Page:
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STEVE DESHAZO: Terps out to show ’11 troubles are behind them
COLLEGE PARK, Md.—With the notable exception of Penn State, every college football team in the country began practice this week with an air of optimism.
That includes Maryland, which proudly unveiled its new $3 million turf field and another set of stylish new uniforms at Monday’s annual preseason media day.
But if anyone knows that substance, not style, is what really matters, it’s the Terrapins.
They opened the Randy Edsall era with a nationally televised 32–24 win over Miami in gaudy new threads on Labor Day night in 2011. They then lost 10 of their final 11 games.
That’s why senior defensive lineman A.J. Francis dubbed Maryland’s theme for the 2012 season “redemption.”
“We let ourselves down, and we let Terrapin Nation down last year,” Francis said. “We need to redeem ourselves and get the pride back. There’s no pride in 2–10.”
Just as disturbing as the losses was the impression that Edsall was too strict and lost touch with his team. More than two dozen players with eligibility—including former starting quarterback Danny O’Brien—defected after the season, lending credence to the widespread notion that Edsall was captain of a sinking ship.
“Last year was a misrepresentation of this program,” said senior linebacker Kenny Tate, who played in just four games in 2011 because of a knee injury. “We’re not out to prove anybody wrong, but we definitely know we’re capable of better.”
Tate’s return for a fifth season suggests that Maryland’s program isn’t irredeemable. The 2011 preseason All-American reportedly had his differences with his new coach, and few would have been surprised if he had joined the offseason exodus. (To be fair, there’s never a coaching change that doesn’t include a turnover in personnel.)
But Tate, who helped the Terps rebound from a 2–10 mark in 2009 to finish 9–4 in 2010, is determined to undertake another turnaround.
“We had a 2–10 season with a veteran coach [Ralph Friedgen], so I mean we’ve been through it before. We know how hard we have to work. We’re definitely on the right path.”
Stafford High School graduate Dexter McDougle, a starting cornerback, said he never considered leaving, either, and that he paid scant attention to outside criticism.
“Everybody has something to say when things are going bad,” he said. “But I know what’s going on. We’re going to be successful here.”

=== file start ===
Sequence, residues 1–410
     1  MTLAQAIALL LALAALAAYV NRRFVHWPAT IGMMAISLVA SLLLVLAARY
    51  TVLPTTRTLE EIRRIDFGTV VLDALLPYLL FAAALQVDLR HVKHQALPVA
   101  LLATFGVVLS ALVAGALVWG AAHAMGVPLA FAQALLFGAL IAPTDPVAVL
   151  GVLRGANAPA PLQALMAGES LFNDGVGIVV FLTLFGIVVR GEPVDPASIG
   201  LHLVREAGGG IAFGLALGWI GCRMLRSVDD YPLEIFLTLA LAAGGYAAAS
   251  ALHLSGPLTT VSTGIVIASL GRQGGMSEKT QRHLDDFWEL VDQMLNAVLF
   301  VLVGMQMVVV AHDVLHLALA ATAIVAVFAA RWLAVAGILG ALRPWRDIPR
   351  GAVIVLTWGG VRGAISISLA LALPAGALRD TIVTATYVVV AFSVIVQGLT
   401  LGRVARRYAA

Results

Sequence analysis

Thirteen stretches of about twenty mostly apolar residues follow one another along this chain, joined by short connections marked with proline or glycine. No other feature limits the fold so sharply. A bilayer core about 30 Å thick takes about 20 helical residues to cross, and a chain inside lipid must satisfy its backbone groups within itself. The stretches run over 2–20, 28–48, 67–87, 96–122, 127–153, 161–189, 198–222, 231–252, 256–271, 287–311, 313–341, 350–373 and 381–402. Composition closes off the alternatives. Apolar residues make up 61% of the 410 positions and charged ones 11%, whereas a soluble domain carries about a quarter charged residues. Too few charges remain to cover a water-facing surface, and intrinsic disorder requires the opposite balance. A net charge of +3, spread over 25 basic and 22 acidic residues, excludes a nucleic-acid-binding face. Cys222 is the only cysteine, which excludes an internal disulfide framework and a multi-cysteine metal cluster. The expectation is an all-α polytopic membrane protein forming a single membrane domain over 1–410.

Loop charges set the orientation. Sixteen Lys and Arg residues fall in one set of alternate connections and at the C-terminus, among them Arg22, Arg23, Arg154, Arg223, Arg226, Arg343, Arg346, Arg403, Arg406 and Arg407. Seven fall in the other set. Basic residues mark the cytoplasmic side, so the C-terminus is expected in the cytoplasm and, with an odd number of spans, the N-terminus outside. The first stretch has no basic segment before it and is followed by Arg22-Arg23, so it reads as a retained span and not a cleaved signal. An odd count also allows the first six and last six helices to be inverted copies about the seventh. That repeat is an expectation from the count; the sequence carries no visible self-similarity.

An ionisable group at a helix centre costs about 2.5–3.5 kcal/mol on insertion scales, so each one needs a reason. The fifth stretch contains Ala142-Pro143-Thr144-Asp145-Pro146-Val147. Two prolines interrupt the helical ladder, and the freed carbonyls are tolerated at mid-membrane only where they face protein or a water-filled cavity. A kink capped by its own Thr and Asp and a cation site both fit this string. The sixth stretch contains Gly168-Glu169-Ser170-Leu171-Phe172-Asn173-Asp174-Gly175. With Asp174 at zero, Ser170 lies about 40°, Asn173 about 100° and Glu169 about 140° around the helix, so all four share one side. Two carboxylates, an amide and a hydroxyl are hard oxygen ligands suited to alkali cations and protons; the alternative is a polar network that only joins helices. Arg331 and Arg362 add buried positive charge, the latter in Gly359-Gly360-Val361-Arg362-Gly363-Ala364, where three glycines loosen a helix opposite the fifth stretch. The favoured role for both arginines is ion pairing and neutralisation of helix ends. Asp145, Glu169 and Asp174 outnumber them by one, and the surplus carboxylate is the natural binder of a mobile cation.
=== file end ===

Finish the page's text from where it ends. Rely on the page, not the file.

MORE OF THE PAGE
There were concessions that changes were necessary. They include two new coordinators (Mike Locksley on offense and Brian Stewart on defense) and a heralded recruiting class that includes Stefon Diggs from nearby Good Counsel High School, rated the No. 2 high school receiver in the country last fall.
The Terps are still painfully young; Two-thirds of the roster has three or more years of eligibility. The secondary lacks experience, and the season could unravel again if junior quarterback C.J. Brown—known as much for his running ability as his passing—were to be hurt.
But the few Terps who remain claim to be older and wiser from last year’s scars. A key will be how much Edsall learned from his rocky first season. Besides losing games, he also became a national scapegoat after blaming the popular Friedgen for some of the program’s woes and for initially blocking O’Brien’s plans to transfer.
A subtle sign that Edsall has softened a bit is the presence of players’ names of the back of their new jerseys, which weren’t there last year. But a coach who comes from the Bill Parcells lineage isn’t about to become Mr. Sensitivity overnight.
“The biggest thing I’ve learned is, don’t be afraid to make tough choices,” Edsall said. “Stick to your guns, regardless of what people say on the outside. I saw we weren’t going in the right direction, so I made the decision to change coordinators. But I haven’t changed how we’re trying to make our kids better academically, better football players and better people.
“I want all of our players to have a chip on their shoulder, because I do. Everything that I have envisioned when I came here is coming together. Now what we have to do is go out on the field and win.”
Steve DeShazo: 540/374-5443